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Presented @ BSidesDC 2013
Washington, DC, October 20, 2013
Measuring the performance of network protocols that require determinism can be difficult with the existing set of tools. Tools like Wireshark can give you the details of the protocols themselves and some general statistics about the packet streams, but they don’t easily show the full set of traffic for those streams. Visual tools like Etherape can show you the full set of traffic streams, but don’t give you any idea of the nuances of the performance represented in those traffic streams.
While at the National Institute of Standards and Technology (NIST), I built a tool capable of analyzing and displaying the performance of network protocols. The first generation of the tool was called the Industrial Ethernet Network Performance (IENetP) test tool and the second generation of the tool is called the Factory Equipment Network Testing (FENT) framework. Both these tools are available on SourceForge and are public domain. I have since left NIST and the tools haven’t been picked up by anyone.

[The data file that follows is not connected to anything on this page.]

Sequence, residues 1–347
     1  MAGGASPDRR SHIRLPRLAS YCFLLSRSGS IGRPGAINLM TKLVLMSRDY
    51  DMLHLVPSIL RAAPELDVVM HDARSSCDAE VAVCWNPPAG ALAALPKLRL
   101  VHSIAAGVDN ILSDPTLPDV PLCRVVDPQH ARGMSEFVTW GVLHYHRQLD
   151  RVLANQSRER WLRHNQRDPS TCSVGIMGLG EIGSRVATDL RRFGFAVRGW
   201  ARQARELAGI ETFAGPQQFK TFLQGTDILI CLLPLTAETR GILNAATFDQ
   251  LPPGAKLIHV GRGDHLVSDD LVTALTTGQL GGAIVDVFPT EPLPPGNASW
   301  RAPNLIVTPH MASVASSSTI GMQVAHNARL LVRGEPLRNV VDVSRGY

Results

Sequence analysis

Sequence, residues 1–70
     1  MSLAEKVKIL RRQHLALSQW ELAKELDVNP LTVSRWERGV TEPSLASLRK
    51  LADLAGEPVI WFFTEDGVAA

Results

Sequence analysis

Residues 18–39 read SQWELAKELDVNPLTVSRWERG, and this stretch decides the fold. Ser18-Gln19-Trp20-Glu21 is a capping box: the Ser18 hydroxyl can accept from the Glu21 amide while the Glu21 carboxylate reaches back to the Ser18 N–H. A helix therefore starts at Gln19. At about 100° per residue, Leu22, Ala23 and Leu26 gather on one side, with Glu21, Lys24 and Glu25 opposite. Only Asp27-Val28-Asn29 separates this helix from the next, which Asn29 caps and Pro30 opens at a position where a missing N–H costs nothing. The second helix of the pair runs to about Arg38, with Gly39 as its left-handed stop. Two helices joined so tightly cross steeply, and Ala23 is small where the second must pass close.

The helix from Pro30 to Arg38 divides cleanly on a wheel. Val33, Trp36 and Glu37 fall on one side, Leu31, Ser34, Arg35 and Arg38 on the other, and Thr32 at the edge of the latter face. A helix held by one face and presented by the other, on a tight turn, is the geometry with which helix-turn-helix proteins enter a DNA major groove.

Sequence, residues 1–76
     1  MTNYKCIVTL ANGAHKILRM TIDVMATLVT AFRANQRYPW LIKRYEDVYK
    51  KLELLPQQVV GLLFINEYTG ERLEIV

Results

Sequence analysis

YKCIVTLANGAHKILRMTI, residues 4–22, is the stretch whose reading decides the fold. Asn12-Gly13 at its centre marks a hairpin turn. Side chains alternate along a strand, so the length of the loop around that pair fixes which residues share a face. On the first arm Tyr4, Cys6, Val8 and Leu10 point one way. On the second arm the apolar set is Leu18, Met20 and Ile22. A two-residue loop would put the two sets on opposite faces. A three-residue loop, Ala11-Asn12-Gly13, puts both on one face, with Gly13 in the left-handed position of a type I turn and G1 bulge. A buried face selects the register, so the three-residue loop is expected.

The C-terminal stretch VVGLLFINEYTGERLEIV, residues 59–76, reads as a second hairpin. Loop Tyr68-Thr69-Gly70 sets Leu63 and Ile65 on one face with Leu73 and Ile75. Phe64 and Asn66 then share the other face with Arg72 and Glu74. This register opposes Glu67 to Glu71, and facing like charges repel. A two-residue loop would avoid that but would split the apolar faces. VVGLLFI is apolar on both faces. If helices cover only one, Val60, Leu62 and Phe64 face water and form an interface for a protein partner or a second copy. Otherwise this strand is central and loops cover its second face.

The FENT framework is useful for analyzing the performance of any deterministic protocol and reporting certain performance characteristics. It was originally designed for EtherNet/IP (Ethernet / Industrial Protocol), Modbus, Profinet, and other industrial Ethernet-based protocols, but has proven to be useful for many other protocols as well. The most beneficial part of the software has actually been the graphical analysis, which in many cases resemble Rorschach plots due to the subtle performance problems that show up as strange patterns in the data.
My presentation will describe the FENT framework, present the tool in its current state, and display some of the more interesting results. It will also be a plea for someone to take up the open-source development of this project and move it forward. My new position does not leave me with enough time to dedicate to the project, so the project has been dormant for the last few months. I’ve received complements on the project from many industrial partners in the past and they would like to see further development, but that means that someone else has to take on the task.